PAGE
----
BLOOMSBURG, COLUMBIA COUNTY (WBRE/WYOU) – Flooding is always a concern in many areas in North-Eastern Pennsylvania. Bloomsburg is just one of those spots, stuck between two bodies of water.

Twigs, logs, and other debris rushed down the Susquehanna River Saturday.

The water levels rose slowly over the morning hours as rain from the Christmas storm accumulated with melted snow and ice.

This part of the river in Columbia County crested at just over 20 feet, but Eric Stahley, resiliency officer for Columbia county, says they braced for worse.

“We’ve been spending the last couple of days in conjunction with our partners in the municipalities between the county and the private industry here in town to work together to start looking at where the river is going to crest,” Stahley stated.

Stahley says Bloomsburg has a history of flooding. Those living in Bloomsburg recall the flood of 2011. That year water overflow came from both the Susquehanna River and Fishing Creek on the opposite side of town.

“When the two storms came through the creek actually flooded first right, the creek basin filled up and so Fernville on the north side of town, you know the creek came down really really high, over 80 a little bit and really did a ton of damage in Fernville and the western edge of town,” said Jonathan Jones a resident of Bloomsburg.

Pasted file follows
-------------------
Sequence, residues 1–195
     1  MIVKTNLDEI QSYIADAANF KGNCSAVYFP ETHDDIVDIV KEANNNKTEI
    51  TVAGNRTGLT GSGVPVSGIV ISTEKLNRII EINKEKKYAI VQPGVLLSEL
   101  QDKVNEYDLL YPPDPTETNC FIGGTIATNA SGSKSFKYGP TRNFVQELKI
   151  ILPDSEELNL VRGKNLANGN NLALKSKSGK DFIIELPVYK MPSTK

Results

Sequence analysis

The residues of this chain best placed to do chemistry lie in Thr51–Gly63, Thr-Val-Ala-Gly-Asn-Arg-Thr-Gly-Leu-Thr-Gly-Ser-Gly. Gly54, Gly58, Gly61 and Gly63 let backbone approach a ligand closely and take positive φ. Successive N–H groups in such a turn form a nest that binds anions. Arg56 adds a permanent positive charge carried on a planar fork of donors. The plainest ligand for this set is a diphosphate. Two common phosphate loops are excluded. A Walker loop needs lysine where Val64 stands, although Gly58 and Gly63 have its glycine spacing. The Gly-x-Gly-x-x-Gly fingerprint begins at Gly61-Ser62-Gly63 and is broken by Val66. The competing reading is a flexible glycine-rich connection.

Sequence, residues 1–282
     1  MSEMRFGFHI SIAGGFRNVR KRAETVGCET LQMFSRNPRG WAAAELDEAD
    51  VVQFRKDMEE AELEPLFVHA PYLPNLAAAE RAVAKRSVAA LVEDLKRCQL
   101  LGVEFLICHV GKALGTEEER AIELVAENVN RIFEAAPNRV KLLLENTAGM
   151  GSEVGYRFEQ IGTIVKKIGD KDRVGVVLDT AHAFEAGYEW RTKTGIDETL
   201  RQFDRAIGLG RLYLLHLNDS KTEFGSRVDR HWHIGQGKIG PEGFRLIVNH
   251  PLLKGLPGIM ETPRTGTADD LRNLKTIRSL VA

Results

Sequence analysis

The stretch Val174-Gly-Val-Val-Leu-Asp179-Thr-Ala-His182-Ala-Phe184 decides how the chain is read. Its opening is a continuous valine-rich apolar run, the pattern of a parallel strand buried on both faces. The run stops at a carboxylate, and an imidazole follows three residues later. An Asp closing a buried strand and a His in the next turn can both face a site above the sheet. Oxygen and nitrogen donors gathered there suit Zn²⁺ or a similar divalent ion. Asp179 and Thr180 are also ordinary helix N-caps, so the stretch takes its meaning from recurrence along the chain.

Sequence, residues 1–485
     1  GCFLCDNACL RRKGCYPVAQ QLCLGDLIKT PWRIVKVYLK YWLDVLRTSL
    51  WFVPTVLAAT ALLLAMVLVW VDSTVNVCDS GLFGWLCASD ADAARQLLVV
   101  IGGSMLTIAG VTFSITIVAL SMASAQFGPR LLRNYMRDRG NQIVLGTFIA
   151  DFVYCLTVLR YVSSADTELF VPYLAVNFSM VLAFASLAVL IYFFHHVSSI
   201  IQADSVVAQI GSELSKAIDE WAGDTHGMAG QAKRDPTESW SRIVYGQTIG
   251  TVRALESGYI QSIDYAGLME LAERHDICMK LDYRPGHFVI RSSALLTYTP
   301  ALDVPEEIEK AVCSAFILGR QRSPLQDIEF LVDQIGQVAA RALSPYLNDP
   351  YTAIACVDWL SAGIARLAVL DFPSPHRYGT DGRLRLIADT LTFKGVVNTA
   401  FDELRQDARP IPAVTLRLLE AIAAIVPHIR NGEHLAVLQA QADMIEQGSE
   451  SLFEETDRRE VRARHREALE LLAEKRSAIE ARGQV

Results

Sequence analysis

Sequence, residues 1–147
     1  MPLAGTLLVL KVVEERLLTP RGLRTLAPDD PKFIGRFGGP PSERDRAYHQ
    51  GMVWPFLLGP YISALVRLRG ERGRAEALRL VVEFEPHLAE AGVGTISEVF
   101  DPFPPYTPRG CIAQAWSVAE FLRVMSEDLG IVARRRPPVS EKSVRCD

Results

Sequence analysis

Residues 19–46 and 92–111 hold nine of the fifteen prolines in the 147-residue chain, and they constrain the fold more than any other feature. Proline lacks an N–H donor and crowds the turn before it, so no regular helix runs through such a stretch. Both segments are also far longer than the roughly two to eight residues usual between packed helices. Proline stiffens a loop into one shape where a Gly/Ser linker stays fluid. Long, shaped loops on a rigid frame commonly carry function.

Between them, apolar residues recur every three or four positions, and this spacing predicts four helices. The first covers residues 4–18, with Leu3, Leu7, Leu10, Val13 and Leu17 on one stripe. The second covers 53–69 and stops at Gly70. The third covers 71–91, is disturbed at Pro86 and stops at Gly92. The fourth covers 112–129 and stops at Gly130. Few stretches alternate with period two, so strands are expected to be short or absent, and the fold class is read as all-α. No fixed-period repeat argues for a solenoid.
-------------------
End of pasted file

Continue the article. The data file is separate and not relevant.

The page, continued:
That flood led to the construction of flood walls in the town, which finally finished this year. But Fishing Creek is still prone to flash flooding.

“When you see what’s going on with the river you usually have a couple of days to plan cause you know what’s coming up. Sometimes with fishing creek, depending upon the situation, we have as little as 15 to 30 minutes to plan, “Eric Stahley said.

Those living along Fishing Creek, say that preparing for flooding from the creek is second nature at this point.

Revathi Janaswamy, Eyewitness News.